Board Highlights - September 16, 2016

BOARD HIGHLIGHTS - September 16, 2016

The College held its September 2016 Board Meeting in Kelowna, BC just prior to the College’s 125th Anniversary Conference and Gala.

125th Anniversary

Board Member Ming Chang provided an overview of the College’s 125th Anniversary Conference and Gala. He also shared a 125th anniversary video that reflects on the history of pharmacy practice over the last 125 years and the important role the College plays in protecting public safety through regulating pharmacy.


Delegation of Depot Injections at Pier Health

The College Board approved the removal of the 12 month time limit from the depot injection pilot. This allows the administration of depot injections by pharmacists at the Pier Health Resource Centre, as delegated by Dr. Bill MacEwan, to continue for as long as it is mutually agreed upon by the College of Pharmacists and the College of Physicians and Surgeons.


New PDAP App Coming Soon for Tracking Yearly CE

The College Board asked for an update on the development of a mobile app for the Professional Development and Assessment Program (PDAP). The PDAP software provider for the College, Skilsure, is currently in the process of developing PDAP Mobile – a mobile app that will allow registrants to access, edit and submit their Continuing Education requirements. The app will be compatible with both Apple and Android devices.

EmPHAsIS Study- Update​

Nicole Tsao provided an update on the EmPhAsIS Study (Empowering Pharmacists in Asthma Management through Interactive SMS). Asthma patients recruited into the study receive education and support through monthly text messages to assess adherence with their asthma therapy and follow-up from their pharmacist if responses to the text messages signal a potential non-adherence problem. More than 90 pharmacies across British Columbia are research partners in the EmPhAsIS Study and 226 participants have been enrolled so far. The EmPHAsIS Study is led by Dr. Mary De Vera and funded by the College of Pharmacists of BC, the Canadian Institutes of Health Research, and the Canadian Foundation for Innovation.

Framework for Patient-Practitioner Relationship Program

The College Board accepted the recommendation made by the BC Health Regulators regarding the adoption of the Framework for a Patient-Practitioner Relationship Program. The Framework sets out principles, definitions and key program elements intended to help patients and practitioners understand the need for boundaries. The Framework also acknowledges the need for the College to establish guidance for registrants who work in small, rural or remote communities and those who find themselves in emergency circumstances.

Now that the Framework for Patient-Practitioner Relationship Program has been endorsed by the College Board, the Ethics Advisory Committee will be asked to develop the specific program for consideration by the Board.

Amendments to the Community Pharmacy Standards of Practice Approved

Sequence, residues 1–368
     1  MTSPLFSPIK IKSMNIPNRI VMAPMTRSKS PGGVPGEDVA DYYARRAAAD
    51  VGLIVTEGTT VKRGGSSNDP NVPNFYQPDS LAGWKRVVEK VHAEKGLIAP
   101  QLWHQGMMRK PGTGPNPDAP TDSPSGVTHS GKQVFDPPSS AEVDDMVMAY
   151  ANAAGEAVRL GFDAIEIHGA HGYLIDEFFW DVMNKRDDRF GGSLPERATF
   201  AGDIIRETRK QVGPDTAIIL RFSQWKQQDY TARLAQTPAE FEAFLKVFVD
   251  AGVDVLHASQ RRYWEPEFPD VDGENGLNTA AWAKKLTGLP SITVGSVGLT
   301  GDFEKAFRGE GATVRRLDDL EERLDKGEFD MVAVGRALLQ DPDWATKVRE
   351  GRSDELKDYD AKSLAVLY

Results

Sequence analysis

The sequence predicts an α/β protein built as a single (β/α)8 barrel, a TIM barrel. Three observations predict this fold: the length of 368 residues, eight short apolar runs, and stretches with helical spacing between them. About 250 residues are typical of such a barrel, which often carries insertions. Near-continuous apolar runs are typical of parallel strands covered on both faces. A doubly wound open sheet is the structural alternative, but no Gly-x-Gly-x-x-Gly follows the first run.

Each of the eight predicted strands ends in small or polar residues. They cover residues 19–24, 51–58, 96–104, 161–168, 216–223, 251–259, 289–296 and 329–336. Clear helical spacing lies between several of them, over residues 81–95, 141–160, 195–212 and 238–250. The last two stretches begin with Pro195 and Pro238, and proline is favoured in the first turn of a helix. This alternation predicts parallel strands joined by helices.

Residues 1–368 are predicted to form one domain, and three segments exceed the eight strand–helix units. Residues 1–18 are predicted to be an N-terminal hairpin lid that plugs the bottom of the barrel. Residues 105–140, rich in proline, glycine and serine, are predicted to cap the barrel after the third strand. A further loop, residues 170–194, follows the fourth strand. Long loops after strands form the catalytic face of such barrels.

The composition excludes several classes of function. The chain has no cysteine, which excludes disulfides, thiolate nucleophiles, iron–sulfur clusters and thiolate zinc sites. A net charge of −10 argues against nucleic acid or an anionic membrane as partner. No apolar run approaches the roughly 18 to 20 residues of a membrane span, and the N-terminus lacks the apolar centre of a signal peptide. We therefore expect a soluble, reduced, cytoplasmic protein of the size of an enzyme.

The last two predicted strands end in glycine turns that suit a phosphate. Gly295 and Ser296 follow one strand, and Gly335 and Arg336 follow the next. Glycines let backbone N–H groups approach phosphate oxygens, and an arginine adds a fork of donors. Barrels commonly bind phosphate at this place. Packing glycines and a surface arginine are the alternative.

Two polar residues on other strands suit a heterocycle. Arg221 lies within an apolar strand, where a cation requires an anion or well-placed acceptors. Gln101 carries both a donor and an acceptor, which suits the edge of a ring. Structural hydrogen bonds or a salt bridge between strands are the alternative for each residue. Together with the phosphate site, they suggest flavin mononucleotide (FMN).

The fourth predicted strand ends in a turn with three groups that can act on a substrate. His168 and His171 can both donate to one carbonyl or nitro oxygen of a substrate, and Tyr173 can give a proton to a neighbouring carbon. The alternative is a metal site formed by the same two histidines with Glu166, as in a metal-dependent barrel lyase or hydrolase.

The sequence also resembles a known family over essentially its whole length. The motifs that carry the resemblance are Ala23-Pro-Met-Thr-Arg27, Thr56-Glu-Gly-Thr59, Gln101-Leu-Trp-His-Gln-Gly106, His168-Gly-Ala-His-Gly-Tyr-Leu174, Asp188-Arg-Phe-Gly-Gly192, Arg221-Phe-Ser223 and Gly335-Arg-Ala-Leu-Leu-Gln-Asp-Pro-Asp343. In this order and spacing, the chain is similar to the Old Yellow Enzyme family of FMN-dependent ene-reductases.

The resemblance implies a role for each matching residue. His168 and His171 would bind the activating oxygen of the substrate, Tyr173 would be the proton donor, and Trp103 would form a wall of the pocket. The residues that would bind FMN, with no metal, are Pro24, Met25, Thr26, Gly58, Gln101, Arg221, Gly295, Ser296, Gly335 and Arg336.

The Board approved amendments to the Health Professions Act (HPA) bylaws Schedule F – Standards of Practice, Part 1- Community Pharmacy for filing with the Ministry of Health.

The amendments focused on two priority areas: 

  • Pharmacist review of patient profile on PharmaNet prior to dispensing
  • Pharmacist/patient consultation (counselling) 

The amended standards were approved for public posting by the Board in February 2015. The College received many comments on the proposed amendments and revised them to address the issues brought through the feedback. The College would like to thank everyone who contributed feedback to help inform these amendments.

The College Board approved the amendments to the HPA bylaws Schedule F – Standards of Practice, Part 1- Community Pharmacy for filing with the Ministry of Health with a shortened filing period, in which the amendments come into force by September 23, 2016.

Pharmacy Security Bylaws Approved for a Second Public Posting

The College Board approved the revised proposed Pharmacy Operations and Drug Scheduling Act bylaws for a second public posting period.

The Pharmacy Security Bylaws were previously posted for public comment in April, 2016, and the feedback received was used to revise the proposed requirements. The newly revised proposed Pharmacy Security Bylaws include minor revisions such as adding the definition of a “support person” from PODSA with an exception for pharmacy technicians, as well as the following significant changes:

  • Registrants must notify the Registrar of any incident of loss of narcotic and controlled drugs within 24 hours.
    • This requirement now only applies to narcotic and controlled drugs.
  • Schedule I and II drugs, controlled drug substances and personal health information must be secured by physical barriers when no full pharmacists is present and the premise is accessible to non-registrants.
    • Schedule III drugs have been removed from this requirement.
  • Existing pharmacies have 3 years – from the date the bylaws are in force – to install physical barriers. All new pharmacies must have physical barriers.

Comments on the draft Bylaws should be submitted to the College or to the Ministry of Health no later than December 18, 2016.